Niger and Russia have had high-level discussions on security co-operation which might see Africa Corps setting up shop in the country soon. Their engagement of Russian mercenary operations also serves to deter any attacks by the Ecowas standby force.

The military juntas seem to want to co-operate with one another beyond the collective defence pact. In February, the officials of the three countries agreed to begin the work of forming a Tri-State Confederation at a meeting in Burkina Faso to pursue common political, security and economic interests. The envisaged arrangement is part of preparations for life outside Ecowas.

Burkina Faso, Mali and Niger, all landlocked, are among the poorest countries in the world, with a combined gross domestic product of $53 billion (R964bn) characterised by economies dominated by the production of primary commodities.

Hence, the idea of forming a confederation is a way of establishing channels of economic co-operation through trade and investment to boost their respective economies in light of their isolation.

However, the mini-lateral arrangement is unlikely to last.

First, it is economically unsustainable. By choosing to withdraw from Ecowas, the three countries will be forfeiting the benefits accruing from the Ecowas Trade Liberalisation Scheme which operationalised the Ecowas Free Trade Area (FTA).

The landlocked and junta-ruled states will see their exports to other Ecowas member states become less competitive as they cannot benefit from preferential treatment terms under the FTA. Their efforts at economic diversification will be significantly set back. About 52 percent of Niger’s machinery exports went to Ecowas countries. The budding industry will probably fold as it will lose its competitive edge in the region. Niger also imports 70 percent of its electricity from Nigeria. The energy imports will become more expensive if the country ceases to be part of the FTA.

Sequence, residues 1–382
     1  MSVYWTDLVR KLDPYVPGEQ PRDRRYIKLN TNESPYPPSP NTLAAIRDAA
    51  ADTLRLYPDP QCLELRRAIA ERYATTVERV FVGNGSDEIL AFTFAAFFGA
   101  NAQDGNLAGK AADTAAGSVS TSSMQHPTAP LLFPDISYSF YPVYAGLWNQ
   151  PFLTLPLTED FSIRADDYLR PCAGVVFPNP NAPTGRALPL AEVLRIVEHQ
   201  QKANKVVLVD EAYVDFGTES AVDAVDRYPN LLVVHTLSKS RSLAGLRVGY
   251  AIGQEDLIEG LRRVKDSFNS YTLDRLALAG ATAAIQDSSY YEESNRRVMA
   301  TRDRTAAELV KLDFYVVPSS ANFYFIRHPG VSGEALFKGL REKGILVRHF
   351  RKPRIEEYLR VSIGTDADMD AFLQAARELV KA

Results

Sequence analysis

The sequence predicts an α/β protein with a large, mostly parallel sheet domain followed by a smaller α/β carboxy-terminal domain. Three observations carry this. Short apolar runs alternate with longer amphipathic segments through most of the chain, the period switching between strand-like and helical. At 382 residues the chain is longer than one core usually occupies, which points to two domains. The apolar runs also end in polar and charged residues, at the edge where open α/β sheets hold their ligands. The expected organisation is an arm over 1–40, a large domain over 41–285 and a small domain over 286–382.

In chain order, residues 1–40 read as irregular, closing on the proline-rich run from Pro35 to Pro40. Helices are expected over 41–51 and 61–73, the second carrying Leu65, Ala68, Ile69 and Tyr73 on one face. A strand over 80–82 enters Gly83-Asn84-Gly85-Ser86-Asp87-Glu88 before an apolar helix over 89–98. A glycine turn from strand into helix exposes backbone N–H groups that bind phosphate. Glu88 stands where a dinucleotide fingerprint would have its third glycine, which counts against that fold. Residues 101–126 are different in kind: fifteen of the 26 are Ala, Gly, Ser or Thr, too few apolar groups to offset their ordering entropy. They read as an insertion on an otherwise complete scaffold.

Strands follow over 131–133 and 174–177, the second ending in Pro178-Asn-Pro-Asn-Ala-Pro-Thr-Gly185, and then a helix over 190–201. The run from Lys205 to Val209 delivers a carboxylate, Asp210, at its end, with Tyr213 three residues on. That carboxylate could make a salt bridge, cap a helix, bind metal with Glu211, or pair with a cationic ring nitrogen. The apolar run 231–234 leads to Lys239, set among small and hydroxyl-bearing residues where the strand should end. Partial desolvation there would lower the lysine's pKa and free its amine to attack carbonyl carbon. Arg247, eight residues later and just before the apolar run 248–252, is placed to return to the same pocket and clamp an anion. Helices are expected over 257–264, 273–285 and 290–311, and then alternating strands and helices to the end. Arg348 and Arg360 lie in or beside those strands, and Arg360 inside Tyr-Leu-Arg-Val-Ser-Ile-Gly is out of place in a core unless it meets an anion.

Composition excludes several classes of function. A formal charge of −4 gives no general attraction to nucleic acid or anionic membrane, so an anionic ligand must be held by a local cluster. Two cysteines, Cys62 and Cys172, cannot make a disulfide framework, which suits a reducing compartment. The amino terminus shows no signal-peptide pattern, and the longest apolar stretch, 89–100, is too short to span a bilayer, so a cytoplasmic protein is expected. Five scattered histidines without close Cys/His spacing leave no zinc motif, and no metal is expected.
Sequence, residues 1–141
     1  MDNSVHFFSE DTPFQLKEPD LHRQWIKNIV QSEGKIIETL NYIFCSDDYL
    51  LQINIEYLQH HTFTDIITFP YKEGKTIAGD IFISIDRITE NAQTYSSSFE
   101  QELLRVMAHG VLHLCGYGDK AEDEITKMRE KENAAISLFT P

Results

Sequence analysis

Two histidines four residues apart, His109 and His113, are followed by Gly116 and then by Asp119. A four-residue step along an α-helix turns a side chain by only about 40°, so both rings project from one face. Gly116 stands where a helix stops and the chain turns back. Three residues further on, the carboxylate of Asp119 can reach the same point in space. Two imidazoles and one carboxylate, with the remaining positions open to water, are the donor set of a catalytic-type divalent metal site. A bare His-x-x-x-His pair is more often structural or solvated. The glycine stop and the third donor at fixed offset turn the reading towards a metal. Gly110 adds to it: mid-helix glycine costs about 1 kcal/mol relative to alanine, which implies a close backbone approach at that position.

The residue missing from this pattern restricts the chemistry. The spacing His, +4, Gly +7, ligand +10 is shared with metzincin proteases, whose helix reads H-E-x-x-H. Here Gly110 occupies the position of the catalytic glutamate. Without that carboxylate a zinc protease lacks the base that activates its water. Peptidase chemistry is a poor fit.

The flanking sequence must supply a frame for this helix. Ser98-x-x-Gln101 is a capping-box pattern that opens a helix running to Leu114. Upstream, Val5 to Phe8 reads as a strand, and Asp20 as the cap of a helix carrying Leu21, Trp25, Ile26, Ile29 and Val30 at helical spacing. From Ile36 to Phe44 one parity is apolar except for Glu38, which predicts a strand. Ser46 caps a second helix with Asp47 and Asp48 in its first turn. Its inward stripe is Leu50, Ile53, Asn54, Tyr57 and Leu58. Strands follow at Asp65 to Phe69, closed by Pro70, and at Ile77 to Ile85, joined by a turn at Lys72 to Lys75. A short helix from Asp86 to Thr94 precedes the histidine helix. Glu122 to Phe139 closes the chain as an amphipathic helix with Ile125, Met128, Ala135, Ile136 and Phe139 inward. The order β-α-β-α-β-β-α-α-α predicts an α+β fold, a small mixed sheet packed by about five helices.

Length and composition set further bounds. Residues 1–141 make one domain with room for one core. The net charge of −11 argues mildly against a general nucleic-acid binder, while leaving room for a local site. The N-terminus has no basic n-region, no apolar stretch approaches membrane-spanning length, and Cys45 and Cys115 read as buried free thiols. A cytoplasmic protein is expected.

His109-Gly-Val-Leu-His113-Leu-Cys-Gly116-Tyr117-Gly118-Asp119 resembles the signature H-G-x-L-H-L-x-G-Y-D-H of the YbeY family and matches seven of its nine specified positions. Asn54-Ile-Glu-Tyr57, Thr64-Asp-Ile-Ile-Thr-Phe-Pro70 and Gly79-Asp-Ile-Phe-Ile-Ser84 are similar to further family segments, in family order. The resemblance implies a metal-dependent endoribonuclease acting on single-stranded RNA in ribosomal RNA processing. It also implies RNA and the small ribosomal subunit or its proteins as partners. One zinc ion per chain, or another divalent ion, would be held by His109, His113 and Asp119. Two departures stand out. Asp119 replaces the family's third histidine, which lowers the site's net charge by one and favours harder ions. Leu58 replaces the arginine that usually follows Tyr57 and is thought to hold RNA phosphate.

Moreover, their access to ports controlled by Ecowas countries will face additional costs and other non-tariff barriers. The costs of importing food will be passed on to the consumers, leading to growing food insecurity and hunger.

Thus, their withdrawal from Ecowas will probably precipitate a socio-economic crisis that will ferment political instability.

Second, the military governments will probably not last long in power. Ibrahim Traore’s regime in Burkina Faso has thwarted four or so coup attempts since seizing power in September 2022. It’s not certain that his regime will outmanoeuvre and overpower coup plotters. The possibility of counter coups is rife in all three countries where the ruling juntas have created constitutional vacuums.

Moreover, the respective juntas are self-defined transitional governments with plans to pave the way for democratically elected governments in the future. Hence, the ambitious political project of forming a confederation will last only as long the regimes of the three countries remain in place which casts its long-term future in doubt.

* Dr Sizo Nkala is a Research Fellow at the University of Johannesburg’s Centre for Africa-China Studies.

** The views expressed in this article do not necessarily reflect the views of The African